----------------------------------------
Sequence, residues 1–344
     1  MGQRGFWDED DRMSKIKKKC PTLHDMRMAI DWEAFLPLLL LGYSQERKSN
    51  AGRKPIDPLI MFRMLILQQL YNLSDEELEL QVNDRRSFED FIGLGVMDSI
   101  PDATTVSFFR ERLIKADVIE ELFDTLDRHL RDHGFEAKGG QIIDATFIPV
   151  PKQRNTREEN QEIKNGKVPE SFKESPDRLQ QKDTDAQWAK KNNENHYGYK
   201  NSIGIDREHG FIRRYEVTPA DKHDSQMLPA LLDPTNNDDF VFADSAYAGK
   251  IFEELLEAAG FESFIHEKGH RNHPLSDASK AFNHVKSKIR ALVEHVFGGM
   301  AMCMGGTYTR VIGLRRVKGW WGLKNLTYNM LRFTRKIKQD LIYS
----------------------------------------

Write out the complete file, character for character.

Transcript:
Sequence, residues 1–344
     1  MGQRGFWDED DRMSKIKKKC PTLHDMRMAI DWEAFLPLLL LGYSQERKSN
    51  AGRKPIDPLI MFRMLILQQL YNLSDEELEL QVNDRRSFED FIGLGVMDSI
   101  PDATTVSFFR ERLIKADVIE ELFDTLDRHL RDHGFEAKGG QIIDATFIPV
   151  PKQRNTREEN QEIKNGKVPE SFKESPDRLQ QKDTDAQWAK KNNENHYGYK
   201  NSIGIDREHG FIRRYEVTPA DKHDSQMLPA LLDPTNNDDF VFADSAYAGK
   251  IFEELLEAAG FESFIHEKGH RNHPLSDASK AFNHVKSKIR ALVEHVFGGM
   301  AMCMGGTYTR VIGLRRVKGW WGLKNLTYNM LRFTRKIKQD LIYS